To elucidate the role of PGC-1α in the regulation of ROS, we suppressed the expression of PGC-1α in RPMI-8226 and ARH77 cells with siRNA-targeting PGC-1α. Then, we tested the cellular ROS level by FACSCalibur flow cytometer. As shown in Fig. 3, the levels of ROS in siPGC-1α cells were ~1.60-fold higher than those in the siControl cells (1.60±0.38), suggesting that inhibition of the upregulated expression of PGC-1α following treatment with chemotherapy may result in MM cells suffering more ROS.

A number studies have reported that the anticancer effect of bortezomib involves ROS (2830). We tested whether elevated ROS levels enhanced the pro-apoptotic effect of bortezomib. The MTT results showed that suppression of PGC-1α resulted in an enhanced inhibitory effect of bortezomib on proliferation or survival (Fig. 4).


The influence of PGC-1α on the antitumor effect of bortezomib in malignant proliferating cells, as well as how PGC-1α affects outcomes of MM during treatment, remains poorly understood. In the present study, we show that the expression of PGC-1α in MM cells was increased following bortezomib treatment, accompanied by upregulated levels of SOD-2 and CAT. Inhibition of PGC-1α resulted in the downregulated expression of SOD-2 and CAT, following increased ROS and enhanced efficacy of bortezomib. The results suggest that upregulated PGC-1α levels may be responsible for the impaired effect of bortezomib in the treatment of MM.

PGC-1α is a transcriptional coactivator recently recognized as an important regulator of lipid metabolism, mitochondrial biogenesis, and glucose metabolism (3,31). As PGC-1α has an increasingly important role in regulating the metabolism of non-malignant cells, investigators have focused their attention on the role of PGC-1α in cancer (11,3234). Studies have determined that PGC-1α has both pro- and anticancer functions and suggest a dynamic role of PGC-1α in cancer (33). In our study, the cells treated with bortezomib showed a higher level of PGC-1α, a higher expression of SOD-2 and CAT was identified in these cells during chemotherapy than in those without treatment, supporting the hypothesis that PGC-1α promote myeloma cell survival in conditions of chemotherapy. Furthermore, we suppressed the expression of PGC-1α in myeloma cells by siRNA and these cells showed decreased expression levels of SOD-2 and CAT, accompanied by increased ROS and enhanced toxicity of the chemotherapy agents. This finding suggests that PGC-1α has a pro-survival role in MM cells. We also found that genes encoding other antioxidant factors (SOD-1, GPX-4 and TRXP-1 for example) increased (data not shown) independently of PGC-1α. This result suggests there are pathways regulating antioxidant factors being activated in myeloma cells during chemotherapeutic stimulation.

Mitochondria are a major source of ROS in cells, and excessive generation of ROS in mitochondria is important in the development of several diseases, particularly cancer, and ageing (18,35,36). PGC-1α prompts mitochondrial biogenesis and enhances functions of mitochondria in muscle cells (3,31), and it seems controversial that mitochondrial biogenesis induced by PGC-1α may produce more ROS and lead to more effective efficacy of chemotherapy, while PGC-1α suppresses ROS accumulation and results in the impaired effect of chemotherapy. This may be explained by the Warburg effect. The Warburg effect refers to an enhanced anaerobic glycolysis even in normal oxygen level conditions (37). Studies have proved that the Warburg effect is operative in MM cells (37,38), and this may avoid the excessive production of ROS. Previous studies have shown that increased mitochondrial biogenesis utilizes less oxygen and produces less ROS (39,40). Thus, from these aspects, the upregulation of PGC-1α did not provide obstacles for the survival of MM cells.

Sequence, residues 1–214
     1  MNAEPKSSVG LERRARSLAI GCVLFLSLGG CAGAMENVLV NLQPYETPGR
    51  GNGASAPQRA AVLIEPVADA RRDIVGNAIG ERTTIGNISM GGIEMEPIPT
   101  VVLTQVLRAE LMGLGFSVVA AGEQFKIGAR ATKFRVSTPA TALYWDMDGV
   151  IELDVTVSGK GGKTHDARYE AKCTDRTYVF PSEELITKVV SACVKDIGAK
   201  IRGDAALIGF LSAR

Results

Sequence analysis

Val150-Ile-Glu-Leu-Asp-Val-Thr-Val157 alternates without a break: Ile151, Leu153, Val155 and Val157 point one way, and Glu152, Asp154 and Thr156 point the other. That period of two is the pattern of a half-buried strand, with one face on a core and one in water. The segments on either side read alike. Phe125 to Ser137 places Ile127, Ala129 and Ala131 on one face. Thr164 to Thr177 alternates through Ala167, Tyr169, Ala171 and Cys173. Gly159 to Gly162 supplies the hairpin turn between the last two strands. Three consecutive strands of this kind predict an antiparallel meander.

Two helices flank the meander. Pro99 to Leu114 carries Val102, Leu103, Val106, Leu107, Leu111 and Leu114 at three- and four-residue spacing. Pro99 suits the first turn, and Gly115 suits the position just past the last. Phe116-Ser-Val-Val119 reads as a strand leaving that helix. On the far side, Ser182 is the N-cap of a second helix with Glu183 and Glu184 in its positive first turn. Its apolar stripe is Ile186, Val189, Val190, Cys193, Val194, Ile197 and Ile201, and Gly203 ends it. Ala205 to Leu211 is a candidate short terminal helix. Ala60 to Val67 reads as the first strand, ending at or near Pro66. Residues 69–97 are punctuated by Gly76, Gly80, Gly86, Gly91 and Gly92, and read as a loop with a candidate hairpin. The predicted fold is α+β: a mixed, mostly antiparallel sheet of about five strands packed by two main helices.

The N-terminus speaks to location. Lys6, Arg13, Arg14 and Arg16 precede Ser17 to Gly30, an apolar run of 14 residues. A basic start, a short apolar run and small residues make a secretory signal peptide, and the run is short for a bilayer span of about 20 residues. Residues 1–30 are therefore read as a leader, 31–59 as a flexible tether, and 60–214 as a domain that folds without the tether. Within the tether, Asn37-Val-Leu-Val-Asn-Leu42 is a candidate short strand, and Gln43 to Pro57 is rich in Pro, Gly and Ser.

Several studies have reported that the antitumor effect of bortezomib can be influenced by ROS (1921,2830,41). Pei et al used bortezomib/HDAC inhibitor regimen to treat myeloma cells, tested the changes of ROS and apoptotic factors in these cells, and found that the regimen markedly induced ROS generation and apoptosis in human MM cells (19). The study by Feng et al suggested that a bortezomib and PXD101 regimen induced cell death in MM cells via ROS-mediated DNA damage (21). Pérez-Galán et al showed that bortezomib induced mitochondrial depolarization and ROS generation in mantle-cell lymphoma (41). The above mentioned studies demonstrated that the pro-apoptotic effect of bortezomib can be enhanced by increasing ROS in tumor cells. In the present study, this was achieved by suppression of PGC-1α, which led to decreased levels of SOD-2 and CAT, and elevated levels of ROS.

In conclusion, our results suggest that MM cells experiencing chemotherapy may induce the expression of PGC-1α and a set of genes of antioxidant factors (SOD-2, CAT) in a PGC-1α-dependent manner to reduce ROS accumulation. Inhibition of PGC-1α is sufficient to improve the efficacy of bortezomib by increasing ROS.


This study was supported by the HuBei Provincial Natural Science Fund Subject (2013CFB096).



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Cao D, Jin L, Zhou H, Yu W, Hu Y and Guo T: Inhibition of PGC-1α after chemotherapy-mediated insult confines multiple myeloma cell survival by affecting ROS accumulation. Oncol Rep 33: 899-904, 2015
Cao, D., Jin, L., Zhou, H., Yu, W., Hu, Y., & Guo, T. (2015). Inhibition of PGC-1α after chemotherapy-mediated insult confines multiple myeloma cell survival by affecting ROS accumulation. Oncology Reports, 33, 899-904.
Cao, D., Jin, L., Zhou, H., Yu, W., Hu, Y., Guo, T."Inhibition of PGC-1α after chemotherapy-mediated insult confines multiple myeloma cell survival by affecting ROS accumulation". Oncology Reports 33.2 (2015): 899-904.
Cao, D., Jin, L., Zhou, H., Yu, W., Hu, Y., Guo, T."Inhibition of PGC-1α after chemotherapy-mediated insult confines multiple myeloma cell survival by affecting ROS accumulation". Oncology Reports 33, no. 2 (2015): 899-904.